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Bicycle deaths continue to rise in New Jersey in 2017


Bicyclist deaths are on the rise both in New Jersey and across the country thanks to more bike commuters.

The number of people being killed while riding bicycles continues to grow, both in New Jersey and across the United States. As The Record reports, in 2015 nationwide cyclist fatalities rose more than 12 percent, well ahead of the rise in motor vehicle accidents, while in New Jersey they are on pace to continue to rise in 2017 for the third straight year. The alarming increase in fatal bicycle accidents is due to a number of factors, including more adults biking for work and pleasure and an increase in overall motor vehicle traffic.

Bicycle deaths surge nationwide

In 2015, the most recent year for which national figures are available, there were 818 cyclists killed in accidents across the country. That is a 12.2 percent rise from the previous year and well above the seven percent increase in overall U.S. traffic fatalities. That 818 figure is also much higher than the 621 cyclists who died in 2010, suggesting that rising cyclist deaths are becoming a long-term trend.

In New Jersey, meanwhile, the figures are likewise grim. In 2016 there were 17 cyclist fatalities in the state, up from 16 the year before. Furthermore, 2017 is also shaping up to be an even deadlier year. Figures from the State Police show that nine cyclists were killed in New Jersey during the first eight months of the year, two more than were killed at the same point last year.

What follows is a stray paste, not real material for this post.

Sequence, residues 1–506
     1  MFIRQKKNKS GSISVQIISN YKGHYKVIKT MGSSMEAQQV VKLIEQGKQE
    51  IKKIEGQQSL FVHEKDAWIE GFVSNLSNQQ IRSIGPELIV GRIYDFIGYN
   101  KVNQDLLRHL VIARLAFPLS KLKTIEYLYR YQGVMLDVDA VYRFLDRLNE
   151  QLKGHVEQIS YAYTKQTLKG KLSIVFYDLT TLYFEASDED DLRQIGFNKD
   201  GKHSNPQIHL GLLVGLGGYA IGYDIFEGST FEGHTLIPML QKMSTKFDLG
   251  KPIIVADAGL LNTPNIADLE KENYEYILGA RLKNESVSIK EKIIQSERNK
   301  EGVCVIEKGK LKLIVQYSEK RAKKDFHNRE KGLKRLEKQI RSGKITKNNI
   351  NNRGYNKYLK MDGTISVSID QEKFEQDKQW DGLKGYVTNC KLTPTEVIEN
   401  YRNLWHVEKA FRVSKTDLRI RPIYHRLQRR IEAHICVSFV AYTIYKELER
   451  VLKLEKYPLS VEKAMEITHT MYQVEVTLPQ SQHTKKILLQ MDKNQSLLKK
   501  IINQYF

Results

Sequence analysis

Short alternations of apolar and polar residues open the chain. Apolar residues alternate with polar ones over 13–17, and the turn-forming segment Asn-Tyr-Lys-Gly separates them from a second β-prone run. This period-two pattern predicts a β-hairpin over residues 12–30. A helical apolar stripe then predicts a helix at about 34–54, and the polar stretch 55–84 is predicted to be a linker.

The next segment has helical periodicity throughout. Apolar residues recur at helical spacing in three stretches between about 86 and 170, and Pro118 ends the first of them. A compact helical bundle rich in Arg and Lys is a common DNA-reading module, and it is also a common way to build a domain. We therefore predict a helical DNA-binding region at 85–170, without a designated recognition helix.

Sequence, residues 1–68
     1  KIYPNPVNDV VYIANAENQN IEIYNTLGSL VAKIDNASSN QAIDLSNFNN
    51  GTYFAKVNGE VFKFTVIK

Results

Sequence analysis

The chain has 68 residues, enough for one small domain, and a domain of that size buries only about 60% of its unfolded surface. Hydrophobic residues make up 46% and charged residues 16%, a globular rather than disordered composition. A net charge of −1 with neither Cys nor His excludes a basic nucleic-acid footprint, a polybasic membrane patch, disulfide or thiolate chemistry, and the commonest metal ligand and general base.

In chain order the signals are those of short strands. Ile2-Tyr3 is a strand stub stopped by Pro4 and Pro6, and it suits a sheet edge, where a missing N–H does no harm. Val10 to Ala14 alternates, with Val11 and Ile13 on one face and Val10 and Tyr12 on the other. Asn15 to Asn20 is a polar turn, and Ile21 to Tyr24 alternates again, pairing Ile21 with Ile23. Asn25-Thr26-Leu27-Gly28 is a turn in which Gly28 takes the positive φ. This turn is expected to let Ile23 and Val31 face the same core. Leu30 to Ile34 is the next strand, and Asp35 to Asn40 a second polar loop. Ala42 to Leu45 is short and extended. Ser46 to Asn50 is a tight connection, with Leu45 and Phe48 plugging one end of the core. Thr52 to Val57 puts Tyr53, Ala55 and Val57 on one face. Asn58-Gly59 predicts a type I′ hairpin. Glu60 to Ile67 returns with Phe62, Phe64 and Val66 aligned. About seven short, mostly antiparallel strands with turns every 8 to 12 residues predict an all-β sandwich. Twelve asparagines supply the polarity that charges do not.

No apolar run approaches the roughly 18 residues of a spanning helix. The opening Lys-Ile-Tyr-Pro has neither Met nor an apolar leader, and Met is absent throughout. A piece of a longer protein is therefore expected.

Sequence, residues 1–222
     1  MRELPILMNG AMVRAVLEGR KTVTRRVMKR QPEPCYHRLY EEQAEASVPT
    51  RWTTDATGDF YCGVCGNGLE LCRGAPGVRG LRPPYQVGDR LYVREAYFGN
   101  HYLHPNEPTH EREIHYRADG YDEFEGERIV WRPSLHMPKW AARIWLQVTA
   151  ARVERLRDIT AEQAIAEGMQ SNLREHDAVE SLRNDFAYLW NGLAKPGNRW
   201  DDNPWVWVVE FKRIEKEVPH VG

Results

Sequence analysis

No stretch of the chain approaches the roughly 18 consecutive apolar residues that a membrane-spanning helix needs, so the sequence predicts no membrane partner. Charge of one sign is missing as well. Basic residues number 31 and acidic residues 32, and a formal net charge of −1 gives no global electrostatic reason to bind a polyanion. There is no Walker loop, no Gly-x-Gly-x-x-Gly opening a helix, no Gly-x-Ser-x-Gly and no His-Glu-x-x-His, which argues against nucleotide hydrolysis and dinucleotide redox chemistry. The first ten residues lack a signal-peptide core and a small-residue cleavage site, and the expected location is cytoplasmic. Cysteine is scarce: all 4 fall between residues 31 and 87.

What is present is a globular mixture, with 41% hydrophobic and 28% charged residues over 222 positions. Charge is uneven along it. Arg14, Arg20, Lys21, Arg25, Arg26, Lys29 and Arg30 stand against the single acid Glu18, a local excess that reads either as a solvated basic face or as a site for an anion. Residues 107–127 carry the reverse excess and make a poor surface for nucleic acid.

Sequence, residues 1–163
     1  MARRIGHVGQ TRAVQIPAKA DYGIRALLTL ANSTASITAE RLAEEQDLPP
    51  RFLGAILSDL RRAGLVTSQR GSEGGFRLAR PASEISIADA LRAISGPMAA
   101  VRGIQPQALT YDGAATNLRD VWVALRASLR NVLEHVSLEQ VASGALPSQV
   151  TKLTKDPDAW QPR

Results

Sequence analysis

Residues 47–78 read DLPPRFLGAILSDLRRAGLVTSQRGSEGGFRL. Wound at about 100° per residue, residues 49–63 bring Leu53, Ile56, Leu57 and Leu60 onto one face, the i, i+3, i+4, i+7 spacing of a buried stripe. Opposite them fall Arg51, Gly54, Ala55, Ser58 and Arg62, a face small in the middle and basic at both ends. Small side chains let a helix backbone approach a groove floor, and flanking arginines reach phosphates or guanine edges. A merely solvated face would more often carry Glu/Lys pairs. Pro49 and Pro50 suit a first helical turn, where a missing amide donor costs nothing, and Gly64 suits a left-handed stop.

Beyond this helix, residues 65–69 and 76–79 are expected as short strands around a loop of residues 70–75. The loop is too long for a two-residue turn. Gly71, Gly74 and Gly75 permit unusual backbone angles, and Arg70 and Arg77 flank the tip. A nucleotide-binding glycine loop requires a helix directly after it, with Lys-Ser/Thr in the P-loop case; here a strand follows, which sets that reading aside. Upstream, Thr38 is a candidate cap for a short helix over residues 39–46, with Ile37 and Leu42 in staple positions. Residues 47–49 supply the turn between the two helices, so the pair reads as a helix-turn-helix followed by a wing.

More cyclists and drivers

The reason cyclist fatalities are rising is down to a confluence of two major factors: an increase in cycling combined with an increase in overall motor vehicle traffic. As the Bucks County Courier Times reports, the number of Americans who commute to work via bicycle has grown by 20 percent since 2010. Unfortunately, while more Americans are taking to biking, road infrastructure largely favors automobiles, with dedicated bike lanes and bike-only traffic lights hard to come by. Even worse, about half of bicyclists killed in accidents do not wear helmets and in New Jersey there is no law that requires helmet use.

Furthermore, due to an improving economy and still relatively cheap gas prices, the number of cars and trucks on the road has likewise gone up. Combined with the fact that there are more cyclists, that increase in overall traffic creates more opportunities for collisions to happen, which for cyclists are often serious.

Personal injury law

Cyclists are especially vulnerable to being seriously injured if they are involved in a motor vehicle accident, which means that the cost of their recovery is also likely to be higher. In many cases, the person at fault in a bicycle accident is not the cyclist, but the motor vehicle driver. For cyclists who have been hurt, especially if the accident may have been caused by a driver’s negligence or recklessness, it is important to talk to a personal injury attorney. An experienced attorney can show injured clients what claims they may be able to file and how to most effectively pursue whatever compensation they may be entitled to.